1. Most colleges and universities have a policy regarding religious holiday observations. You can contact your HR department or look in your policy manual for this information. Most institutions are committed to supporting students in practicing their religious beliefs.
  2. When fasting during the daylight hours, for many people, later in the day is the most difficult. Some students may have the option to take final exams first thing in the morning during regular business hours. Encourage those who are able to take advantage of this.
  3. Testing Centers may consider offering extended hours in order to accommodate students who are not able to come in during the day, but need to take finals after breaking their fast. Since Ramadan changes every year, it would be wise to look up the times of sunset during that time to determine how late the Testing Center should stay open.
  4. It is vital to communicate with your administrators/deans/provost ahead of time. Share with them the needs of the students and your proposed plan for accommodating them. Getting their buy-in will make it more likely they will provide the support you need to add extra hours to your schedules. This may mean approving overtime or shuffling employees to allocate them to the Testing Center during this time.
  5. Communicate with faculty. While most faculty would like to be supportive of these students, their schedules may not permit them to be available during later hours. Share your plan for staying open late to let them know their students have the option of using the Testing Center. Be sure to review your policy for scheduling tests or give them any special instructions they may need.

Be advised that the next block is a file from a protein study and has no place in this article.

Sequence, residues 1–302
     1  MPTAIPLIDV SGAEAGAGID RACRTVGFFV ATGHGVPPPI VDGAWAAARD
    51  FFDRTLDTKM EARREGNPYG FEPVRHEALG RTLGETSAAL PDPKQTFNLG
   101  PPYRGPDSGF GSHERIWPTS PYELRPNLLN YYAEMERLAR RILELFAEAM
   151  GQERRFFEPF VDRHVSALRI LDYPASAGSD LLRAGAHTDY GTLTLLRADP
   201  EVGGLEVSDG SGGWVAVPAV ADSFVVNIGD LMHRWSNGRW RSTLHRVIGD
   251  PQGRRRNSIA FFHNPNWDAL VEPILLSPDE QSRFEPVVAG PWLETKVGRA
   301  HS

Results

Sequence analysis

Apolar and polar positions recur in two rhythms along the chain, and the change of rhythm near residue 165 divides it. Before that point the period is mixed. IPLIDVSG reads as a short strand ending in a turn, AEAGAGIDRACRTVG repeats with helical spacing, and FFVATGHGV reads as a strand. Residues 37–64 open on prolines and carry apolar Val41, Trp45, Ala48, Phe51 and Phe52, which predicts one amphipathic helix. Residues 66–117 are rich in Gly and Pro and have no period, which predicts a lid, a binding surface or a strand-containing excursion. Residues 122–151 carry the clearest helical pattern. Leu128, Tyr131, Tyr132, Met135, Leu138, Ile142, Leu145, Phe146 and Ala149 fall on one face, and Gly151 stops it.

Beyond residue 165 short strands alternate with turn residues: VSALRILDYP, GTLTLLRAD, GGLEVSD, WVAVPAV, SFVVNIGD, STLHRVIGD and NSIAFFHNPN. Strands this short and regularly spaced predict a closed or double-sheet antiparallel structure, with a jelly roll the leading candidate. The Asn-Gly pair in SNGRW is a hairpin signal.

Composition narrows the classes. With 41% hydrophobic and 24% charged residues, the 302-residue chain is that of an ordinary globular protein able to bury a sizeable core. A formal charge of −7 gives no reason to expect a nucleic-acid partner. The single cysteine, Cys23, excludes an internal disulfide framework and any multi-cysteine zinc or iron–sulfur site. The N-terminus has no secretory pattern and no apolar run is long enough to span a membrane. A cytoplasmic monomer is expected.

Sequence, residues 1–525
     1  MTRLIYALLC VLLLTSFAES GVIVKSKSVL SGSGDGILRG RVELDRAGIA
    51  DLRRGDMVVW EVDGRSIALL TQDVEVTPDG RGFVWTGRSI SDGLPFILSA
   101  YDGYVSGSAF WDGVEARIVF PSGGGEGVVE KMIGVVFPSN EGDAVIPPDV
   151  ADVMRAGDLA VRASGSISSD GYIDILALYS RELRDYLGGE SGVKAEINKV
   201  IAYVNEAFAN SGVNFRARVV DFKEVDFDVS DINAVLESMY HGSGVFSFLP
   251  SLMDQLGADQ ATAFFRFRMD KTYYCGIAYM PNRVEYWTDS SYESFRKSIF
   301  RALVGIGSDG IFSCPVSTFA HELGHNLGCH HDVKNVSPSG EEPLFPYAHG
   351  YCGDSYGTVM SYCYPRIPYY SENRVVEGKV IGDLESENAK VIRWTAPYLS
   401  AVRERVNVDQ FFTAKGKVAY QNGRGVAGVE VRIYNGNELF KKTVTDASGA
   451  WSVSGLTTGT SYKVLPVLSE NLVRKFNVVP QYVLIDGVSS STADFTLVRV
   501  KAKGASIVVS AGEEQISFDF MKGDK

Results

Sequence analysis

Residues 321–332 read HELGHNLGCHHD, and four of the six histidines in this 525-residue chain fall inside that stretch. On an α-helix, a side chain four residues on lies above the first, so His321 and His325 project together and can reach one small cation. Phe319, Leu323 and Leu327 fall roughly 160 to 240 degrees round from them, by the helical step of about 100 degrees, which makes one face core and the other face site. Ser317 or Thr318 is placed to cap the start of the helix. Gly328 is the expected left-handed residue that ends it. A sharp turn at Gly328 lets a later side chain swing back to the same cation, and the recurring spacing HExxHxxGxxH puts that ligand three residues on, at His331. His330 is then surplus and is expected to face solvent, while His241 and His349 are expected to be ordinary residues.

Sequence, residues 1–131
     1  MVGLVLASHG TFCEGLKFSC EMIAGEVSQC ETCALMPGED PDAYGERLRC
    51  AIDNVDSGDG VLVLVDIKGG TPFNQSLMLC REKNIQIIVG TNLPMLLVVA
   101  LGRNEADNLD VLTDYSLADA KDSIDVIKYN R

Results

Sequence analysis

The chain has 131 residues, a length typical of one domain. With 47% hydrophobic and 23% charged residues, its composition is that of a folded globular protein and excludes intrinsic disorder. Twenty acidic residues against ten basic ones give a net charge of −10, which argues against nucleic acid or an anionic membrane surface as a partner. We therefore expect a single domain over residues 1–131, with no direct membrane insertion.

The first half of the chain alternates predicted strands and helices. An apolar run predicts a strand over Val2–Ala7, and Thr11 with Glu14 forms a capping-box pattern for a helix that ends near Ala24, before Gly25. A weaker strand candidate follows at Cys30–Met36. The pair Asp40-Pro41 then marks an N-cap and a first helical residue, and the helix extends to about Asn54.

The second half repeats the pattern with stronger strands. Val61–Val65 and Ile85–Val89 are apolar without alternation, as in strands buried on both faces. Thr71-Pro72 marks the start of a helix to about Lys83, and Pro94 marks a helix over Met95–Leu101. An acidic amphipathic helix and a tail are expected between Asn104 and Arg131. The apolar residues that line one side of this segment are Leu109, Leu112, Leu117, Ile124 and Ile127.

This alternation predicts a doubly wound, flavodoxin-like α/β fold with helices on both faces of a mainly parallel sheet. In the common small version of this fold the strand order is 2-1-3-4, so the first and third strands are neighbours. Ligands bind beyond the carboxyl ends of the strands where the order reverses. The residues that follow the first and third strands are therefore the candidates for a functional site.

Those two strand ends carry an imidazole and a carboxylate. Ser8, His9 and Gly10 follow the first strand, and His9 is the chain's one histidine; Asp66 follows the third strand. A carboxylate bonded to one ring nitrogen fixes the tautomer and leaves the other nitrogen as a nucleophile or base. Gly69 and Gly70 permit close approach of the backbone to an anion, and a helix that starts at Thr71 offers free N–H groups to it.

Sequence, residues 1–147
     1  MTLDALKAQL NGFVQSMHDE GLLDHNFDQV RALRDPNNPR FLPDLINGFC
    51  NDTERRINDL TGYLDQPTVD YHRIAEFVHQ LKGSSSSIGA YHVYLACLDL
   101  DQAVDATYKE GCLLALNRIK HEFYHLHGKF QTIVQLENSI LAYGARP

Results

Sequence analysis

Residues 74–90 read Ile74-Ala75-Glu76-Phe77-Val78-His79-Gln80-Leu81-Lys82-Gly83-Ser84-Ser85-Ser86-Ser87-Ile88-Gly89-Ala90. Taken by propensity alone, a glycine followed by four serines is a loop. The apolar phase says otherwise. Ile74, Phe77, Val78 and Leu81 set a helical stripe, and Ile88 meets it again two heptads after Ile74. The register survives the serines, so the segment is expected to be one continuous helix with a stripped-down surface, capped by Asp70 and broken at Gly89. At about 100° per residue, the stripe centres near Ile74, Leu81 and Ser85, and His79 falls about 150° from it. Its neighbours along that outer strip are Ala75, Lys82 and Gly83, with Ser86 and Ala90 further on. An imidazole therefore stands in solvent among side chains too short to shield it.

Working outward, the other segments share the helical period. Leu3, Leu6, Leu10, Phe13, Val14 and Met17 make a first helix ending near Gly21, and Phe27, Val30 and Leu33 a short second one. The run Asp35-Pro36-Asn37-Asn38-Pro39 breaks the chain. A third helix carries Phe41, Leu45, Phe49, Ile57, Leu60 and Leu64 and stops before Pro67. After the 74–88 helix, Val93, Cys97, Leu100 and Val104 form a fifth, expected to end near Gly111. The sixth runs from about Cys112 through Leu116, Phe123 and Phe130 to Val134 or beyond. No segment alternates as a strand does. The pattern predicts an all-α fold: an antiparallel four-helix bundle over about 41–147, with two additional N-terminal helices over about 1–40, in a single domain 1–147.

6. Communicate with students. Some students may not be comfortable asking for special accommodations for testing during Ramadan. It is important to be proactive and let them know they do have options. Provide information on how to use the Testing Center and give them contact information in case they have questions.

As higher education professionals, our responsibility is to support all students in their efforts to achieve their educational goals. Statements of support can go a very long way in contributing to an atmosphere of embracing students of all religious beliefs (Stegmeir, 2020). Providing understanding and accommodations for religious observances extends beyond Ramadan. College professionals are encouraged to educate themselves on the different religions that are represented at their institution and learn how to best support these students. By supporting students in their religious beliefs, we are encouraging an atmosphere of inclusion and demonstrating that diversity is valued at our institutions.


Bauer-Wolf, J. (2019, May 14). Testing and Fasting. Inside Higher Ed.

Mohamed, B. (2018, January 3). New estimates show U.S. Muslim population continues to grow. Pew Research Center.

Stegmeir, M. (2020). Muslims on Campus. National Association for College Admission Counseling.

Williams, J. (2019, April 29). Ramadan 2019: 9 questions about the Muslim holy month you were too embarrassed to ask.